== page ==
Since 1998, the world has celebrated this noble human bond with the UN International Day of Friendship. After recognizing the impact that violence against one another has on the human race, especially children, the United Nations set out to promote a Culture of Peace. Knowing that attitudes and violence can often begin in childhood, the program seeks to instill values of peace and non-violence in children through education. “If children learn to live together in peace and harmony that will contribute to the strengthening of international peace and cooperation”(

So how do you begin to teach children about friendship?

Friendship is something children are naturally interested in – it is fun and they enjoy communicating with each other. Since you have a captive audience, teach them a few basic rules about friendship:

  • Friends are kind to each other
  • Friends share their toys. Teach them turn taking, trading, and sharing. Use the magic phrase, “You can have it when I’m done.”
  • Friends share their friends. Remind them they can have many friends and that as they share friends, they make more friends.
  • It’s okay if someone doesn’t want to play.

A few activities to use with children to promote friendship and positive relationships . . .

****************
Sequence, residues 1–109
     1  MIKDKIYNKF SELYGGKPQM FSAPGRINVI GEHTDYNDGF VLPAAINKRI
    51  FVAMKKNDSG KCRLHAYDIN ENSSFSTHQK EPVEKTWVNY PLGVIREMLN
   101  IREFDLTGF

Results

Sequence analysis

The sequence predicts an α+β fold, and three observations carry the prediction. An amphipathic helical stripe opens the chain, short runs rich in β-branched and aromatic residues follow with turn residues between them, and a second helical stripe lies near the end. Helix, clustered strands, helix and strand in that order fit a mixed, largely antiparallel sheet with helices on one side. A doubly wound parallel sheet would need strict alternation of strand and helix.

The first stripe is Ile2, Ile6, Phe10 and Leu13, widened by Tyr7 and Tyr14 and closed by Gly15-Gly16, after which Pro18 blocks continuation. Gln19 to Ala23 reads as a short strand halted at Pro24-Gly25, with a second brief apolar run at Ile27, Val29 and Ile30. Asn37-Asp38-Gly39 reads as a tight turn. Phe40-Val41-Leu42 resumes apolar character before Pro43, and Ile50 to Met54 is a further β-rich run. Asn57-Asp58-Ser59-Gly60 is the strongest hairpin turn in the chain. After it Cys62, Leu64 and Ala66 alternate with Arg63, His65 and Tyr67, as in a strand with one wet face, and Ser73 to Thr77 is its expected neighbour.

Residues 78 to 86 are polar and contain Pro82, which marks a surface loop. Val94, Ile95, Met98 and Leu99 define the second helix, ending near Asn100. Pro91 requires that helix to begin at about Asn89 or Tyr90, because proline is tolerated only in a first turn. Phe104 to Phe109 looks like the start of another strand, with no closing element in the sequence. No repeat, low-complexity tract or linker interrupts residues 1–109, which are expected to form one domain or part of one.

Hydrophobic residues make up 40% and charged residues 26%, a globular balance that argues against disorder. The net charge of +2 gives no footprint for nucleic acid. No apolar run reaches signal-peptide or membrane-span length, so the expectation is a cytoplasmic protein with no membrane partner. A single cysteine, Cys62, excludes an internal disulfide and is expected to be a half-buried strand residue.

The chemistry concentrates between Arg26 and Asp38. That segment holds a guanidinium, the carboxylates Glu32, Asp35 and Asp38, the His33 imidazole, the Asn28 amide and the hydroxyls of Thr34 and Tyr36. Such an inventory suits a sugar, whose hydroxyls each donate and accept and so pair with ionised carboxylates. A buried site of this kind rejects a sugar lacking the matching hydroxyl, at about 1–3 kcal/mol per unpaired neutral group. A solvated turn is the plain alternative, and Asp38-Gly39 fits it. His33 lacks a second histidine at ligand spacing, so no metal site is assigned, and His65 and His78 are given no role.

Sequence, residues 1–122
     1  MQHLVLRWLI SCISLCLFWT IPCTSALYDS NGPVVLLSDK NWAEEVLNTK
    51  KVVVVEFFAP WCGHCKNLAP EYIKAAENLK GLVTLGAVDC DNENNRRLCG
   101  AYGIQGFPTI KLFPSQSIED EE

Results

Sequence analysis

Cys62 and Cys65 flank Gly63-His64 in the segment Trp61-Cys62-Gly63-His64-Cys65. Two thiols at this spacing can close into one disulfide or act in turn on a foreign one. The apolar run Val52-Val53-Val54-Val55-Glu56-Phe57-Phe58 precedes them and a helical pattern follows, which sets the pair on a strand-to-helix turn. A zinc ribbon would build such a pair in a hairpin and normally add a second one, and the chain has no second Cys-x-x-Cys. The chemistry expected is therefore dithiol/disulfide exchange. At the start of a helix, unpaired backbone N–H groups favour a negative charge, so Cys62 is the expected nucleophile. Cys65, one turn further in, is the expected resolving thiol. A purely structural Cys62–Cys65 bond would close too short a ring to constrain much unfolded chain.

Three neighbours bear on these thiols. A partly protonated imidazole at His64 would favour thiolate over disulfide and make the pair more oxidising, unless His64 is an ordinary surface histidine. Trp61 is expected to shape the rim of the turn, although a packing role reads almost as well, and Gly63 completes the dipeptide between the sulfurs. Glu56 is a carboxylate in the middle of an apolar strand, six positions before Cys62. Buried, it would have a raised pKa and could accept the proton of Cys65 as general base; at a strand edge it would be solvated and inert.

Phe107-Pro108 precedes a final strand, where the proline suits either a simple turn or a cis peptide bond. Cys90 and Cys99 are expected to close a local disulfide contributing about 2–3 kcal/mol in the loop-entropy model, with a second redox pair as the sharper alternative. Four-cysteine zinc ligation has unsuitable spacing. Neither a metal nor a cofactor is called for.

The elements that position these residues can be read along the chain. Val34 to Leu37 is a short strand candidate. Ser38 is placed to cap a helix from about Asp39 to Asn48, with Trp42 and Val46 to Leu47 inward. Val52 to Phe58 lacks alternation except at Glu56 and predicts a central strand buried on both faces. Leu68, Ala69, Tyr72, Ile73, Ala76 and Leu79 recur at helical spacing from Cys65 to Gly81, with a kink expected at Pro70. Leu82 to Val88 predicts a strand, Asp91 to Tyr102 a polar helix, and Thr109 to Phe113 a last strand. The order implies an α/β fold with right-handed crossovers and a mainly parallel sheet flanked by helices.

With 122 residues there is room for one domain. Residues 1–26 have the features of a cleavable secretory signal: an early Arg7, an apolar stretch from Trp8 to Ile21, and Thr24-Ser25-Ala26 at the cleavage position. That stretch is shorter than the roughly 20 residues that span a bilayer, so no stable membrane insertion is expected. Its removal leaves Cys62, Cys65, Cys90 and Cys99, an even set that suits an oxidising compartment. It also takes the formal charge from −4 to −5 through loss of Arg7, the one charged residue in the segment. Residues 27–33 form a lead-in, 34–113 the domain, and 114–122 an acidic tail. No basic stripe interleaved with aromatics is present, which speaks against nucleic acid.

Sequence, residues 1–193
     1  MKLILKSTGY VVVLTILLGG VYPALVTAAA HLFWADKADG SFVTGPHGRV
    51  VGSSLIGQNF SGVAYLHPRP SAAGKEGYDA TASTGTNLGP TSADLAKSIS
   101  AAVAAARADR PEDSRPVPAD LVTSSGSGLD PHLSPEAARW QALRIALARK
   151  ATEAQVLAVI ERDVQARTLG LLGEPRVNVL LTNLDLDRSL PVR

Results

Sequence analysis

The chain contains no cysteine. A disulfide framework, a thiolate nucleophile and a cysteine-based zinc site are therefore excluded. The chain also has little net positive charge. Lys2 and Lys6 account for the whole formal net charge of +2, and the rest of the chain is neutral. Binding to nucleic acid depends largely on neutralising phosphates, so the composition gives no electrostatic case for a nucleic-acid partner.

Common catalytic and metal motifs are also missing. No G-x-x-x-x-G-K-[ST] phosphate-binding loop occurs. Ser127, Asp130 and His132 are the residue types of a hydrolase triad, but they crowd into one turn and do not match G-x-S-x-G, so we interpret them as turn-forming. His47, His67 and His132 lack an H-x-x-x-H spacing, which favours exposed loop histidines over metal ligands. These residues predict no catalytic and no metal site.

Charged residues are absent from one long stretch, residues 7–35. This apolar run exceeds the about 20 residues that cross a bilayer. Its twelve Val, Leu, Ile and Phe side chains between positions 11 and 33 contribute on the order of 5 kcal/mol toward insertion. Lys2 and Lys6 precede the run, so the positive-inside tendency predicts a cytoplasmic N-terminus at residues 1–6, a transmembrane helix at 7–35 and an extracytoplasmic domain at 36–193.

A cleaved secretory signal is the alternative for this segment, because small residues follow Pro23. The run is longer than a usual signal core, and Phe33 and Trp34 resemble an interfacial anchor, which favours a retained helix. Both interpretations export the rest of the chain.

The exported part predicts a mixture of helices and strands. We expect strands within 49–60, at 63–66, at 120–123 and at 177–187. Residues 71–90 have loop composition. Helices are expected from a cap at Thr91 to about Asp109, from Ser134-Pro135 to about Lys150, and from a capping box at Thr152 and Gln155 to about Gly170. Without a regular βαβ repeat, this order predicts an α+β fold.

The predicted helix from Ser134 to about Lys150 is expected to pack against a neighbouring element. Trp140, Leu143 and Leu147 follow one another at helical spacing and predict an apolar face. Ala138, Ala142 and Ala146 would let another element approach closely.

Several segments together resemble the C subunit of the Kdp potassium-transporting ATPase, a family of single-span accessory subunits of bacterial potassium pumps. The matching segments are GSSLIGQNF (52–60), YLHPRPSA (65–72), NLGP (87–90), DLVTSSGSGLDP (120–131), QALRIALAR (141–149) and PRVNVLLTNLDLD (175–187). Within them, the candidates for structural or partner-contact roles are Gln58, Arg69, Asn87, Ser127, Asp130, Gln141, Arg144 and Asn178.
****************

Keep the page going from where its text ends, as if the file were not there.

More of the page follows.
Best Smile activity

Fishing for Friends

The Kindness Curriculum is a great resource for promoting self-confidence, acceptance, and friendship in children. If we can plant the seed of kindness now, we can grow a culture of peace for the future.

What activities or resources do you use to teach children about kindness and peace? We would love for you to share them in the comments section so others can use them too!

How to work with parents of gifted children #NPGC15

July 22, 2015

This week is National Parenting Gifted Children Week sponsored by SENG (Supporting Emotional Needs of the Gifted). Families of gifted children often deal with special needs related to social and emotional development. So how do you, the educator, help families celebrate the joys and challenges of raising a bright young mind?

Working with gifted children